MOSCOW: Come for the football, stay for the oil diplomacy.
Russian President Vladimir Putin and and Saudi Crown Prince Mohammed bin Salman will discuss how to boost oil production while maintaining their petro-alliance when they meet in Moscow tomorrow to watch the soccer World Cup’s opening match between the two countries.
The world’s largest oil exporters are negotiating how to rework their unprecedented, and successful, deal to control oil production as US sanctions on Iran and the collapse of the Venezuelan petroleum industry threaten to send crude skyrocketing. They must also contend with President Donald Trump, who used his Twitter account on Wednesday to attack OPEC for artificially inflating prices.
“This is the most political OPEC meeting in a long time,” said Amrita Sen, chief oil analyst at consultant Energy Aspects Ltd.
Both Saudi Arabia and Russia have proposed plans for the so-called OPEC+ group that would add as much as 1 million barrels a day, about 1 percent of global output, although Riyadh prefers a smaller increase. The back and forth signals major differences remain, even between Riyadh and Moscow, who’ve worked very closely over the past two years.
Reaching an understanding between Russia and Saudi Arabia may prove easier than obtaining a wider agreement among the 24 countries bound by the agreement first struck in late 2016. The Organization of Petroleum Exporting Countries meets in Vienna on June 22 and Iran, Venezuela and Iraq have publicly set themselves against a production increase.
“An output increase by the four main producers (Kuwait, Russia, Saudi Arabia, and UAE) looks inevitable,” Ed Morse, head of commodities research at Citigroup Inc. in New York, said in a note to clients. But he warned that less than ten days for the meeting the size and timing of any increases was still up in the air.
Tehran illustrated the divide within the cartel on Wednesday when a senior official said that current production levels were adequate and the group shouldn’t bow to US pressure.
“The Trump administration is trying to intervene in the affairs of a sovereign organization,” Iran’s OPEC governor, Hossein Kazempour Ardebili, said in an interview. Such attempts have failed in the past and “they will also fail” this time.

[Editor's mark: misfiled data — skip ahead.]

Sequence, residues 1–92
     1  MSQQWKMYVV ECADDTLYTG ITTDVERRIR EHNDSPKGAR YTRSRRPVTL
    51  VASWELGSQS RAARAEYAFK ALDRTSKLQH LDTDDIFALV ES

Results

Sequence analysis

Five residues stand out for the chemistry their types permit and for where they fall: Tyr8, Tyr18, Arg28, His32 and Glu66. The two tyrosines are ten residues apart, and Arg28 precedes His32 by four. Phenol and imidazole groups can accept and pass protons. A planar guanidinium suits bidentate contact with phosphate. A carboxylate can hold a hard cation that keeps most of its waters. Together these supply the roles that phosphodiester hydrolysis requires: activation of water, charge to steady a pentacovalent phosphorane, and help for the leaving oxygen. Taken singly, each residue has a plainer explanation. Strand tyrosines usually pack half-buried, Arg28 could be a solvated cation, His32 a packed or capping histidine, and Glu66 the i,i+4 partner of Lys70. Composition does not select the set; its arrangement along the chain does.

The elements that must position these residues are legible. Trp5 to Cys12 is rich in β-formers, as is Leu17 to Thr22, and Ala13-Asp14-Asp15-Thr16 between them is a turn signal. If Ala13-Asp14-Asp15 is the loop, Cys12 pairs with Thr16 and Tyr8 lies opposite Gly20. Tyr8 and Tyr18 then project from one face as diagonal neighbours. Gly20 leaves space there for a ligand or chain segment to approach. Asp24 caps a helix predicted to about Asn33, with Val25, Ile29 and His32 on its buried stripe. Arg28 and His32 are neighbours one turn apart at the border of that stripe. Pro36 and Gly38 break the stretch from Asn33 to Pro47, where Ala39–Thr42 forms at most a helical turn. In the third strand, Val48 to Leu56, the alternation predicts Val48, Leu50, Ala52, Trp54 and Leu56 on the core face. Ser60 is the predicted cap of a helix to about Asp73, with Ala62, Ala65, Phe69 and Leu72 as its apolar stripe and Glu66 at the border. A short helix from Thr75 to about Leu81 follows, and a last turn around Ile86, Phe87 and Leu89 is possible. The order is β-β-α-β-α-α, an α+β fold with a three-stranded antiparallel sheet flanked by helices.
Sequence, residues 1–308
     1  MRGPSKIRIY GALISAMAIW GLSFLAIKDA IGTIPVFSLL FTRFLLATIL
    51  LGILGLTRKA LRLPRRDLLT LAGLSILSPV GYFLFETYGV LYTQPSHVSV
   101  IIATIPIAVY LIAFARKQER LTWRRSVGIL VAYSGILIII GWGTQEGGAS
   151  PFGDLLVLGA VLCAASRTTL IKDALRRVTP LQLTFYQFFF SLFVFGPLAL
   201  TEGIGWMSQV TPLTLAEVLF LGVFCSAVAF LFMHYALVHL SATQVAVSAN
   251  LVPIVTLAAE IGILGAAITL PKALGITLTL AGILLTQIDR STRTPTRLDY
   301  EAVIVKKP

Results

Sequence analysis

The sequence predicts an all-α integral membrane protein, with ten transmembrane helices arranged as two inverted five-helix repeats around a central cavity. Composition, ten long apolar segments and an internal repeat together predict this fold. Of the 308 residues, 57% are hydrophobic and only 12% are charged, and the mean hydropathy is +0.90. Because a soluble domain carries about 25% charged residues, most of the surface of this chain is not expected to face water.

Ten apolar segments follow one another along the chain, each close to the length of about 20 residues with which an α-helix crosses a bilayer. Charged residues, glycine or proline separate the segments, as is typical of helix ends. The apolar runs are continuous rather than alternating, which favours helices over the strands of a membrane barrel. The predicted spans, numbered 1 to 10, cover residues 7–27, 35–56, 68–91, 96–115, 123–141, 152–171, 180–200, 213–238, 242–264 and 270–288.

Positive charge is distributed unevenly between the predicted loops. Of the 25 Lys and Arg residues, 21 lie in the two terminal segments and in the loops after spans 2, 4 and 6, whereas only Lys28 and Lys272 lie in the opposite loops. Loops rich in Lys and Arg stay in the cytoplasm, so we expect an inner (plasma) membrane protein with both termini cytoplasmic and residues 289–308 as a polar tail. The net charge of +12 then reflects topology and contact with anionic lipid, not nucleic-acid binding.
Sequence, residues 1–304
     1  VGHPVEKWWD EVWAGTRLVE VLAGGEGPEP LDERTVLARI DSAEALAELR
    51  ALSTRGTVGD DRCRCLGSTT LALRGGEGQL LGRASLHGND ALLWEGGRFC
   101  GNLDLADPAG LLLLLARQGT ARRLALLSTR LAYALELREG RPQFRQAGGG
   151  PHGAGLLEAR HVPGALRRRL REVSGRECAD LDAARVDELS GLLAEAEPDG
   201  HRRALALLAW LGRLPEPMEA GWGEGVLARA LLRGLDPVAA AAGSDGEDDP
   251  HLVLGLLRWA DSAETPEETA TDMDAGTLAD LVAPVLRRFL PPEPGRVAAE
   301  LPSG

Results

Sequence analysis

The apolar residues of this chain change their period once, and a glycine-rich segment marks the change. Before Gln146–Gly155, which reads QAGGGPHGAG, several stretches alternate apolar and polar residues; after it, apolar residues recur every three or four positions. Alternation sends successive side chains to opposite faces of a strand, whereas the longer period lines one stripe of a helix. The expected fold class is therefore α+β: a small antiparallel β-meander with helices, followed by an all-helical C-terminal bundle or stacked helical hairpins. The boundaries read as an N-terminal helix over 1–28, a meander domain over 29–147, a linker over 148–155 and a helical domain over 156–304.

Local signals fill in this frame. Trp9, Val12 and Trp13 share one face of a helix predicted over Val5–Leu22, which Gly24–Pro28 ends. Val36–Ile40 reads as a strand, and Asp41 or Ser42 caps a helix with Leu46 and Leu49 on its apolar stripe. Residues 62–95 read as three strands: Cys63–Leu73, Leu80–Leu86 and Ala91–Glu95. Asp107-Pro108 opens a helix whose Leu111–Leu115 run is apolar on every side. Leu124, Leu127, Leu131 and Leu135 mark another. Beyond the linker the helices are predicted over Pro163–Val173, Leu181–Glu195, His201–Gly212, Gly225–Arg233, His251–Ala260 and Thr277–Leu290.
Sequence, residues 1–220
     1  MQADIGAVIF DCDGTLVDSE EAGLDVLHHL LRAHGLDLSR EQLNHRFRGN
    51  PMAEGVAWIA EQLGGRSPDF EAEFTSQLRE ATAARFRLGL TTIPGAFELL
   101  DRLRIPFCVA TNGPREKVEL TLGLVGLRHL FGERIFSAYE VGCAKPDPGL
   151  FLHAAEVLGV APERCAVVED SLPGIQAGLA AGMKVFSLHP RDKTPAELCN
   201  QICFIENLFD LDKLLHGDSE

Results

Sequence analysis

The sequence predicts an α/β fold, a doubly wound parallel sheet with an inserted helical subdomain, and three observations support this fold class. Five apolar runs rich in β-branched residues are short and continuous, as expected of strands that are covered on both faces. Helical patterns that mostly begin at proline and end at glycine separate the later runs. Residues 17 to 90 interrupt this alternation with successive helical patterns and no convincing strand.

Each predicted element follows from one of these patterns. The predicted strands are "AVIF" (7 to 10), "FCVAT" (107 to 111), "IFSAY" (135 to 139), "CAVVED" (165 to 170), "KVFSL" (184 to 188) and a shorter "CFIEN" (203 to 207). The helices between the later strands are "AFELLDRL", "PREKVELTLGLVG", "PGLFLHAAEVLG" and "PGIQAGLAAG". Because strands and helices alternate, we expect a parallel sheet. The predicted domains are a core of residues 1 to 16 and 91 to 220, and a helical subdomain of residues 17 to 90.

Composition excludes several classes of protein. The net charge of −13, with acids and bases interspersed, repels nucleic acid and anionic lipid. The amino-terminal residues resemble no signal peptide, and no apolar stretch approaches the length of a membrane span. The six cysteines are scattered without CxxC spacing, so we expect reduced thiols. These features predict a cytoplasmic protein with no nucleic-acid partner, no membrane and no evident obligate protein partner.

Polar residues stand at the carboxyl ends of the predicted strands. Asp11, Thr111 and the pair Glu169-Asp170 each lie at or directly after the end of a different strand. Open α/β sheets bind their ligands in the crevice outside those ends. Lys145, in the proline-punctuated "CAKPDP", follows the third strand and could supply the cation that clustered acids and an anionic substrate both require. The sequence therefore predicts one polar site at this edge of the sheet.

Russia and Saudi Arabia forged their unlikely an alliance in 2016 after face-to-face meetings between Putin and Mohammed bin Salman. The diplomatic opening paved the way for Moscow joining OPEC in cutting production for the first time in more than a decade, with 24 countries agreeing to curb output by 1.8 million barrels a day in order to eliminate a supply glut that was weighing on prices.
Since then, prices have rallied close to $80 a barrel. Saudi Oil Minister Khalid Al-Falih and his Russian counterpart Alexander Novak, who will also attend tomorrow’s match, have struck up a close working relationship, speaking regularly by phone and making several joint media appearances.
Many nations have gone further than their pledged cuts. Saudi Arabia said it was cutting deeper to lead by example. Others, notably Venezuela, have experienced involuntary declines in production due to problems in their oil industries. In May, the group’s total reduction added up to almost 2.2 million barrels a day, according to the International Energy Agency.
On Wednesday, the IEA said combined output from Venezuela and Iran could fall a further 30 percent next year due to U.S. sanctions and economic upheaval. That’s one reason the U.S. is putting diplomatic pressure on Saudi Arabia and other OPEC members to increase production, hopefully pushing down gasoline prices, before the U.S. votes in midterm elections that could decide which party controls Congress.
“Oil prices are too high, OPEC is at it again. Not good!,” the president tweeted on Wednesday morning.